One people, God, flag

We will be one people
under one God
saluting one American flag!

(Donald Trump, repeatedly, deliberately, emphatically)

Responses con:

  • it’s at odds with the American promise of religious freedom (Sarah McCammon of NPR)
  • one of the great strengths of this country is the diversity of nationalities, of origins – the differences of opinions about religion, and ideas about religion (Barry Lynn, Americans United for Separation of Church and State)
  • this makes it seem like he, as the President of the United States, could somehow bring us together by converting us all and making sure we salute the same flag (Barry Lynn)
  • it adds to this overall ominous tone that America is going to become about certain types of people first, and everybody else maybe not so much part of the American pie anymore (Corey Saylor, Council on American-Islamic Relations)
  • One God’ immediately excludes Hindus, atheists, Native Americans – whole swaths of people who have a right to be part of the American identity,” he said. “And under what we’ve established in this country — the notion that you can have multiple faiths and all still share the same ideal of being American — the campaign is once again just really lopping off support from minorities (Corey Saylor)

Responses pro:

  • I think what Donald Trump was getting at with that comment is this disrespect that people of faith — people who are patriotic Americans, who have served in the military, whose children serve in the military — are feeling right now from the elites in this country, and particularly from some of the institutions (Penny Nance, Concerned Women for America)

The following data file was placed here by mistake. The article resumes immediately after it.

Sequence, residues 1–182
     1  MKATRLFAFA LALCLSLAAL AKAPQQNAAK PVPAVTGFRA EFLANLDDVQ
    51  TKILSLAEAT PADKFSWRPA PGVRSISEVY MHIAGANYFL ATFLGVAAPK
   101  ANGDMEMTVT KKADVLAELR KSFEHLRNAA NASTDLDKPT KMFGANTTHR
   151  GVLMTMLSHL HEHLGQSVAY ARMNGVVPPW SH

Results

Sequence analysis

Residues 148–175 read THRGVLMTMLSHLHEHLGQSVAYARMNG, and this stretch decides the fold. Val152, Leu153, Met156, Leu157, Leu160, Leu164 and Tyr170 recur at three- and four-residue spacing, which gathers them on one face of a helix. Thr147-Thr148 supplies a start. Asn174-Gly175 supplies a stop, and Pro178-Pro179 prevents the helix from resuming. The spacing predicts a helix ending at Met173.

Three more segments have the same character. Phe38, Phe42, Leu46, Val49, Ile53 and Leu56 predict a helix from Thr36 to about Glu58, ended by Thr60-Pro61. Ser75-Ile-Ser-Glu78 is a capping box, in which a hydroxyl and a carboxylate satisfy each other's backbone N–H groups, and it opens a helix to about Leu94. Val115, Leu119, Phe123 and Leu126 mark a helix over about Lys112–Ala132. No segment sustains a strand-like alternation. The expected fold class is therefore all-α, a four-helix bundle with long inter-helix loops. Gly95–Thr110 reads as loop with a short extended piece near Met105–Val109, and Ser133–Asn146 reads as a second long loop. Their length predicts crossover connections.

• What we hear [from Trump] is a call for unity, a call for really understanding that we are a nation under God,” Nance said. “And although as Americans we maybe experience that differently, we see that as essential to our success — as individuals and as a people (Penny Nance)

(NPR)

Notice anything missing?

We can’t even say “First Amendment” or “Congress shall make no law respecting an establishment of religion or prohibiting the free exercise thereof” any more. We resort to dubious diversity clichés instead, or predictions of political fallout.

And I confess that when I heard Penny Nance of Concerned Women for America (“We are the nation’s largest public policy women’s organization with a rich history of over three decades of helping our members across the country bring Biblical principles into all levels of public policy.“) turn God into “essential to our success,” I said a very vulgar epithet, quite loudly, within hearing of the cabin of my car — which is of tender years, not yet even seven years old. (But it’s a Volkswagen Diesel, so it’s already sneaking out to smoke.)

Well: so much for any hope that The Donald would be the restorer of civil society in general and subsidiarity in particular. Sounds like Übernationalism to me.

* * * * *

“In learning as in traveling and, of course, in lovemaking, all the charm lies in not coming too quickly to the point, but in meandering around for a while.” (Eva Brann)

Some succinct standing advice on recurring themes.